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STRABANE & LIFFORD GEARING UP FOR HALF MARATHON & 5K LEISURE RUN Strabane District Council in Partnership with Lifford Athletic Club will play host to the regions first ever cross border half marathon and 5k fun run/walk on Sunday, May 11. There are categories for all ages, as well as a walking section, givi ng eve ryone an opportunity to participate no matter what their fitness levels, however half marathon participants must be over years of age. The proceeds from this year’s event will benefit three local charities, Strabane ommunity R escue Servi ces, Barnardo’s and the astlederg branch of St Vincent de P aul. Application forms are available from Strabane District ouncil website, also from local outlets including Strabane District ouncil, iversdale eisure entre, Derg Valley eisure entre and Melvin Sports omplex and ifford Athletic lub, also from the Athletics NI ( www.niathletics. org) and Athletics Ireland ( www.athleticsireland.ie web sites.

Strabane District Council

Strabane District Council

Comhairle Ceantair an tSratha Báin Stràbane Destrìck Cooncil

TIME TO NOMINATE! Strabane District Council in conjunction with Strabane Sports Forum have come together to identify sporting achievements and publicly recognise those individuals, teams and organisations that have contributed to sport in the Strabane District Council area.

Collect a Nomination Form @ Strabane District Council Offices or any Council Sports Facility. SPORTS STAR OF THE YEAR:

A person identified within the district, whose sporting performances or achievements are seen as outstanding.

TEAM OF THE YEAR:

A team based in the district, which has achieved remarkable success in the current year.

HALL OF FAME:

Recognition of success & achievements for those who no longer compete in their sport.

SPECIAL AWARD:

To recognise special achievement, an additional award from the overall list of nominations will be presented.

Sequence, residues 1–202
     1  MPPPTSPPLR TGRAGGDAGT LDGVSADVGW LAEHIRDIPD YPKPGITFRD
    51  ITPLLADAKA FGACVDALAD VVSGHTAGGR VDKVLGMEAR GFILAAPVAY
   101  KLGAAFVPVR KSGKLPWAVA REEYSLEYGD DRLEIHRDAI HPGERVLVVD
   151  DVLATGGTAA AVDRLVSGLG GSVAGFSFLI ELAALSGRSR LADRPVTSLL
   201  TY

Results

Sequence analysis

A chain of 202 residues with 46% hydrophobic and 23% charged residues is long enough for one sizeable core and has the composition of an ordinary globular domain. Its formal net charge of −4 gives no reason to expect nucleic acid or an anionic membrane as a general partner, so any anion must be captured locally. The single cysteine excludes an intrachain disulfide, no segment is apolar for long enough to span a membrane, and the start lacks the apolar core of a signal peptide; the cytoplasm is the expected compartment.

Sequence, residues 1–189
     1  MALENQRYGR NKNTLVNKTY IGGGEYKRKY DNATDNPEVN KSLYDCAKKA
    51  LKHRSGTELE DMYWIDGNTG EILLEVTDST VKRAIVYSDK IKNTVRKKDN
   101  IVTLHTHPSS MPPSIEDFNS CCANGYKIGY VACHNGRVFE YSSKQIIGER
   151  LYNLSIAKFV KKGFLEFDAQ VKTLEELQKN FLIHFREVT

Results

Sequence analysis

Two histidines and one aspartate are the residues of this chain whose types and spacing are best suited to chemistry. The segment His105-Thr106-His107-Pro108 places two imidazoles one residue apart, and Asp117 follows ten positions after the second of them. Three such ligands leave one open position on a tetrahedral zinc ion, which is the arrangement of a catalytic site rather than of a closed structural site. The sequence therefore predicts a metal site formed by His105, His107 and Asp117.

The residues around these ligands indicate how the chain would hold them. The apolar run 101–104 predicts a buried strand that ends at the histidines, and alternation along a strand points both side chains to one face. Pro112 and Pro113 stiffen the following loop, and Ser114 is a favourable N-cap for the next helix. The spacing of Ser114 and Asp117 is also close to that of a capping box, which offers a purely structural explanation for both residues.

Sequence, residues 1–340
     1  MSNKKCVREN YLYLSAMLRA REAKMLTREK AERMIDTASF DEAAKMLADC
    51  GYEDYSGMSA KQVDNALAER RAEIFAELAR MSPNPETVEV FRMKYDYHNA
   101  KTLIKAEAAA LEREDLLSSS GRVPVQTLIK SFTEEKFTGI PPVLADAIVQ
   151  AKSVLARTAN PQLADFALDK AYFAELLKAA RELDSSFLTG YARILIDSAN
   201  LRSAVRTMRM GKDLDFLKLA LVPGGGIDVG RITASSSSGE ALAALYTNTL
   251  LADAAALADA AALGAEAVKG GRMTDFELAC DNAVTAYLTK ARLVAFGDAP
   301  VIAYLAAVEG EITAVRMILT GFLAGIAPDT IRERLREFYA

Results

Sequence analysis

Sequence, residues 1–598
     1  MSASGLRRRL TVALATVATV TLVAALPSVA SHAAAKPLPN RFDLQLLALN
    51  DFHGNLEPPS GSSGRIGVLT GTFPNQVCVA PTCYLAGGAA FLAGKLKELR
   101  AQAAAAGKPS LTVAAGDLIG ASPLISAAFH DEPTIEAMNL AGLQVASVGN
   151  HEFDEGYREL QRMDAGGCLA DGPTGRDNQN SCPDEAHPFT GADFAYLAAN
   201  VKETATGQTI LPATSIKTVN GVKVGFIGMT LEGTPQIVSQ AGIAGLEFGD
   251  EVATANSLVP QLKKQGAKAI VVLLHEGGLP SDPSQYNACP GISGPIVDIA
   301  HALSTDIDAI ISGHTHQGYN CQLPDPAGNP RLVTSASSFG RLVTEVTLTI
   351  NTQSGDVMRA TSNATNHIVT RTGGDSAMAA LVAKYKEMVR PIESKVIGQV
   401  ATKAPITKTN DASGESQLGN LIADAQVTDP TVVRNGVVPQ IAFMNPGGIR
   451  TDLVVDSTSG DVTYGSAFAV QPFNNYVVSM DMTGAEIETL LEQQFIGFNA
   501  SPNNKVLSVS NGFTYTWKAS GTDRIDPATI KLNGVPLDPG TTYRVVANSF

SCHOOL TEAM OF THE YEAR:

Sports team from a local school who have achieved success in the current year.

Closing Date for Nominations 4.00pm Friday 18th April

YOUNG TEAM OF THE YEAR:

A team aged 19 or under on 31st December 2013 and identified within the district, whose sporting performances or achievements are seen as outstanding.

CLUB OF THE YEAR:

A club who have achieved sporting success and are dedicated to improving and promoting good practice in their respective sport.

YOUNG SPORTS STAR OF THE YEAR:

PEOPLE FIRST

SPORTS AWARDS 2014

Alley Arts and Conference Centre, Strabane Wednesday, 30th April 2014 at 7.00pm

An individual aged 19 or under on 31st December 2013 and identified within the district for sporting performances or achievements seen as being outstanding.

MANAGER/COACH OF THE YEAR:

An individual identified within the district whose managing/coaching achievements are seen as outstanding.

SPORTS PERSON OF THE YEAR WITH A DISABILITY:

Open to people based in the district and involved in a recognised category of sport for people with a disability whether as performers, organisers or supporters.

Nominations will be assessed by an awards panel, which will seek advice from external sources where necessary and appropriate. The nominations will be assessed on the basis of the individual’s contribution to enhancing community and sporting life based on set criteria within the last year.The proposer, the nominee, a team representative and a guest will receive an invitation to the awards ceremony. All nominees will receive a certificate of recognition for their efforts. Organisations, local sports clubs, schools, youth clubs and individuals may make nominations.


Page 2013 Herald Page 430September March 2014 TheThe Herald

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T ime to ‘ Sp ring Clean’ your mak e- up bag!